Are all those C-spine MRI scans necessary?

Thursday, December 1 | 11:00 a.m.-11:10 a.m. | SSQ05-04 | Room S405AB
This presentation will cover the need for C-spine MRI exams in acute trauma patients, and U.S. researchers will explain how understanding the frequency of findings can help radiologists guide ordering physicians as to the modality's appropriate use.

MRI scans of the cervical spine have become ingrained in routine imaging for selected indications in many trauma centers, noted Dr. Marlen Pajcini, a resident physician at Santa Clara Valley Medical Center in San Jose, CA, and colleagues. Given the expense and complex operational requirements of the modality, verifying its efficacy is paramount.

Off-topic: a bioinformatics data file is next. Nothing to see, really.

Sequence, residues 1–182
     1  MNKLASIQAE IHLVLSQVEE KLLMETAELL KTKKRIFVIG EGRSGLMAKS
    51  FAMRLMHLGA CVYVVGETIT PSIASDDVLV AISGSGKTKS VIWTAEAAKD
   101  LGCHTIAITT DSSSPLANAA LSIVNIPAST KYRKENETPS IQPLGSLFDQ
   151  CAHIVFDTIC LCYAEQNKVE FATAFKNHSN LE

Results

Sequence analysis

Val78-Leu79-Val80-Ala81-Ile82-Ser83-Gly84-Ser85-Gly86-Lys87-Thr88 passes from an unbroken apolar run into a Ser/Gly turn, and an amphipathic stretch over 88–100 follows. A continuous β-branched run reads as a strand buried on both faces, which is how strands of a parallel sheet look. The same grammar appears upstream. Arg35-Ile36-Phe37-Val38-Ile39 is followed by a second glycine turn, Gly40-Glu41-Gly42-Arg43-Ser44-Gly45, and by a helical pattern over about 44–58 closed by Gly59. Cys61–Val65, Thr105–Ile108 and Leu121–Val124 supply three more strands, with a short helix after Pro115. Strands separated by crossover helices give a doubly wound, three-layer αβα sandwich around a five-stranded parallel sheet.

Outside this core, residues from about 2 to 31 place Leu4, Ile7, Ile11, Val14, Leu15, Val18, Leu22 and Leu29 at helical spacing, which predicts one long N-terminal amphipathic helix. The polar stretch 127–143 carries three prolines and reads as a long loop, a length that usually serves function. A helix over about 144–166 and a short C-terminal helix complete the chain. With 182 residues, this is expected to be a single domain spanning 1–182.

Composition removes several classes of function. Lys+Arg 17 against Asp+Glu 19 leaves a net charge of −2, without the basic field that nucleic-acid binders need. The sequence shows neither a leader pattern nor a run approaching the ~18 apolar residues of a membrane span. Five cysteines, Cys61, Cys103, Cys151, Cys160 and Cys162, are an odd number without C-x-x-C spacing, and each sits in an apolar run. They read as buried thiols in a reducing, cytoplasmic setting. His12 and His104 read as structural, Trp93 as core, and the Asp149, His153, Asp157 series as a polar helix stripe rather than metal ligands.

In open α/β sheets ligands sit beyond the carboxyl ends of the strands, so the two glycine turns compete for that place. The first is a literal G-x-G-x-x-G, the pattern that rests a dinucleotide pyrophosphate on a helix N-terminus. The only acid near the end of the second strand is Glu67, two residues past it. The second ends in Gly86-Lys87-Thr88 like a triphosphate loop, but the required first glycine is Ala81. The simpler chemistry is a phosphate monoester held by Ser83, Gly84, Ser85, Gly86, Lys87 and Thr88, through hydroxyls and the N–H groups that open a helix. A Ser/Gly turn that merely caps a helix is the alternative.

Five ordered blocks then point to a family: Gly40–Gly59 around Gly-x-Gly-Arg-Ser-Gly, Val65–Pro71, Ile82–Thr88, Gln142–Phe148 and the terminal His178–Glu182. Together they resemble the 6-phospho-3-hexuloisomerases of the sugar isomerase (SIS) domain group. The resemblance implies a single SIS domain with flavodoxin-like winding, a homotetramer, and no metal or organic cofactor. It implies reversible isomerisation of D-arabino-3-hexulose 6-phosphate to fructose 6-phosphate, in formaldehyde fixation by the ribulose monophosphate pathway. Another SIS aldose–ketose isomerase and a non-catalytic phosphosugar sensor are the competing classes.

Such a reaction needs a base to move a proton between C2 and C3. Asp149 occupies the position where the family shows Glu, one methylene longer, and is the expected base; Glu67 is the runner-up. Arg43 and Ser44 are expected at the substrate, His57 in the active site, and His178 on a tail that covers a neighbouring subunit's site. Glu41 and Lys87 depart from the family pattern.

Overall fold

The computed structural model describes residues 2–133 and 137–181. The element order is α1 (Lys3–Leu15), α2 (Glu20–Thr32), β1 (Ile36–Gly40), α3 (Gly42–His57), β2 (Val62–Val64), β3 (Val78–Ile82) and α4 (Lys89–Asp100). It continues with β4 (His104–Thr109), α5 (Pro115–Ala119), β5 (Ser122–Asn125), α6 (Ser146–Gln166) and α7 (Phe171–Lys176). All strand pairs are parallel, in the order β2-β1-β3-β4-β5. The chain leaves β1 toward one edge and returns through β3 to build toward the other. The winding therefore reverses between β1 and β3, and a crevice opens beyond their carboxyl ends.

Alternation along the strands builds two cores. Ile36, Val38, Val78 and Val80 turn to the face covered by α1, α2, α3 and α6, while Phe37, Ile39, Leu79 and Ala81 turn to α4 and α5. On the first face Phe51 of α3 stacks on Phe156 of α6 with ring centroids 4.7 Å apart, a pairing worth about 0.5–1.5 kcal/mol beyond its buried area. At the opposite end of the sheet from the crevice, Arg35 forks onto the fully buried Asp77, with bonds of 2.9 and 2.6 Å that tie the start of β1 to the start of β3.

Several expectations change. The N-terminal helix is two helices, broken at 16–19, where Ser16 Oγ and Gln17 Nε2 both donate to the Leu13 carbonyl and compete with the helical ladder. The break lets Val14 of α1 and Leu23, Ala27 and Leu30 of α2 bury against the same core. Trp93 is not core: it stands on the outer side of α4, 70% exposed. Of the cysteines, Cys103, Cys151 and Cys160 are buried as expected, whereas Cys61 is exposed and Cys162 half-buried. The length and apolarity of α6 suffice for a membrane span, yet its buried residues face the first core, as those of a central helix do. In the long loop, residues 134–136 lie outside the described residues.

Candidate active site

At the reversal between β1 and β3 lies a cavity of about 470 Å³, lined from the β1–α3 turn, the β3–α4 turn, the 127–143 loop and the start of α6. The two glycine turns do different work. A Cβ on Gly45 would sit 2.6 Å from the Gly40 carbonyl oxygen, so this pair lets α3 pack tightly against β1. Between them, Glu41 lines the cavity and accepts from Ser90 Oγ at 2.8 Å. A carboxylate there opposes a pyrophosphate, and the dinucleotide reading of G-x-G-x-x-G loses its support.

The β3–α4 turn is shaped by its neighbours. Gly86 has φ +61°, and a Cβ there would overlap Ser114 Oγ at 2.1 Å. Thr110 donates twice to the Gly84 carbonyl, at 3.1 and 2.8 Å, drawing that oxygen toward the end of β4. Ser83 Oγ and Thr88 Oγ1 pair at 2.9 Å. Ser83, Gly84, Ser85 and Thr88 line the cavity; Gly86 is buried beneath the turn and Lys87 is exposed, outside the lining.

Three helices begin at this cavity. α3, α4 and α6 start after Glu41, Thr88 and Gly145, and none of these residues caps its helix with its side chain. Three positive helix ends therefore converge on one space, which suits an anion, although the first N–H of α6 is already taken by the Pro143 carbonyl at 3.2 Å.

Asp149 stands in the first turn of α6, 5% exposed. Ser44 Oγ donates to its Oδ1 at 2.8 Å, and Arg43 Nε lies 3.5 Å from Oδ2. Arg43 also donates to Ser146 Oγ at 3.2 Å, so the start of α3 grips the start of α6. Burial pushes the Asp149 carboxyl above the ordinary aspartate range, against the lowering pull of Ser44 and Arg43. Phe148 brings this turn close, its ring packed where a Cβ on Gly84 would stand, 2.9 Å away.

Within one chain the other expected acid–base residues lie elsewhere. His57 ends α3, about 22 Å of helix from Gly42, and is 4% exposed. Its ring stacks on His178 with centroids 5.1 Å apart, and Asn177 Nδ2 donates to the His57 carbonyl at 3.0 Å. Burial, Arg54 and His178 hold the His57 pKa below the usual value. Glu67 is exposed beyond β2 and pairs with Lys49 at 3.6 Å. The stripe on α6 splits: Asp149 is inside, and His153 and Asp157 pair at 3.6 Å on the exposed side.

This two-year retrospective review of 241 consecutive C-spine MRI studies looked for the presence of a variety of conditions. Ligament injury was the most common indication (43%), followed by soft-tissue/muscle injury (29%), marrow/disk injury (28%), spinal cord injury (17%), and vascular injury (12%). Approximately one-third of the studies were negative for acute findings or showed only abnormalities already seen on previous MRI scans.

"This indicates that in the majority of trauma patients for which a C-spine MR study is ordered, an acute finding is generally present," the group wrote, adding that the results "validate the general concept of the use of MR in acutely injured patients who demonstrate neurologic deficit or cannot be assessed clinically."

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